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Retail Shop Leases and Other Commercial Leases (COVID-19 Emergency Response) Regulation 2020

03 June 2020

#Property & Real Estate, #COVID-19

Peter Nugent

Published by Peter Nugent

Retail Shop Leases and Other Commercial Leases (COVID-19 Emergency Response) Regulation 2020

The Retail Shop Leases and Other Commercial Leases (COVID-19 Emergency Response) Regulation 2020 (COVID Regulation) is made under the COVID-19 Emergency Response Act 2020 (COVID Act) with the purpose to implement the National Cabinet Mandatory Code of Conduct (National Leasing Code).

Are there any issues or problems?

The COVID Regulation is quite like the Victorian equivalent, but seem to be more comprehensive and the application of the dispute resolution provisions is more certain. For more information about equivalent legislations in other states, download our legislation compendium here

If there is a problem in practice, disputes must be taken to the Queensland Civil and Administrative Tribunal (QCAT).

When does the Regulation commence?

The Regulation commenced on 28 May 2020.

What leases are covered?

The COVID Regulation applies to leases covered under the National Leasing Code, with some limited exclusions. 

The covered leases are retail and commercial leases to tenants that have a total turnover of less than $50 million and qualify for the JobKeeper subsidy. The turnover threshold applies to corporate groups as a whole, but to franchised business individually.

The excluded leases are some farming business leases and certain leases under the Land Act from the State.

Negotiations for rent support

The starting point and process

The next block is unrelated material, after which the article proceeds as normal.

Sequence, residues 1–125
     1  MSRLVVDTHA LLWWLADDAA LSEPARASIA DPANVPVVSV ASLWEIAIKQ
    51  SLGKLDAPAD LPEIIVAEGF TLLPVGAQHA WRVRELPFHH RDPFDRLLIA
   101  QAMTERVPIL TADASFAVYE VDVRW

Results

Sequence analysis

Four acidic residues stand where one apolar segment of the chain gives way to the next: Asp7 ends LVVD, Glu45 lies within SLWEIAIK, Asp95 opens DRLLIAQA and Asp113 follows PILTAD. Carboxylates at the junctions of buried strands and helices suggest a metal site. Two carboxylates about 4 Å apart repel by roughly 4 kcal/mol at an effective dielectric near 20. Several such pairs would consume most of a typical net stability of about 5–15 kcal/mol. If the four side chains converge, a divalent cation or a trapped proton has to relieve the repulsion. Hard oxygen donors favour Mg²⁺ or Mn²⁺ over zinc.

Landlords and tenants of affected leases may require a renegotiation of the lease terms.

Importantly, there are obligations of full and frank disclosure of relevant economic and other circumstances of both parties, such as financial statements, turnover, subsidies, support and waivers from mortgagees and franchisors.

The following process is provided in the Regulation:

  • either party gives a notice to start the negotiation
  • both parties must make the full and frank disclosure of relevant information
  • the landlord then has 30 days to make an offer to the tenant. 

The 30 days start from when both parties have provided the full and frank information.

The parties must negotiate reasonably and in good faith.

The landlord’s offer

The landlord must offer a rent reduction on the following basis:

  • a waiver of at least 50 per cent of the total rent reduction
  • considering all the circumstances of the lessee and the affected lease, including reduction in turnover for the premises
  • considering the respective capacities of the landlord and tenant to cope with the economic effects of the COVID emergency and any reduction in rent. 

What about reductions in outgoings?

A saving in outgoings will necessarily be passed on with a net lease. It seems for a gross rent that a saving in outgoings must be included in the rent reduction offered by the landlord.

What about existing agreements for the COVID emergency?

Some landlords will no doubt have already reached agreement with their affected tenants. Those existing agreements are preserved, but the COVID Regulation includes a right to ask for a further reduction that must then be negotiated. That seems to be a one-way street as the landlord is not given the right to renegotiate to increase the rent payment. If the tenant asks for a further rent reduction, then the requirement for a 50 per cent waiver does not apply.

Dispute resolution for negotiations

The COVID Regulation provides for mediation as a first step if there is a failure to agree. If the dispute continues then it can be taken to the QCAT for resolution.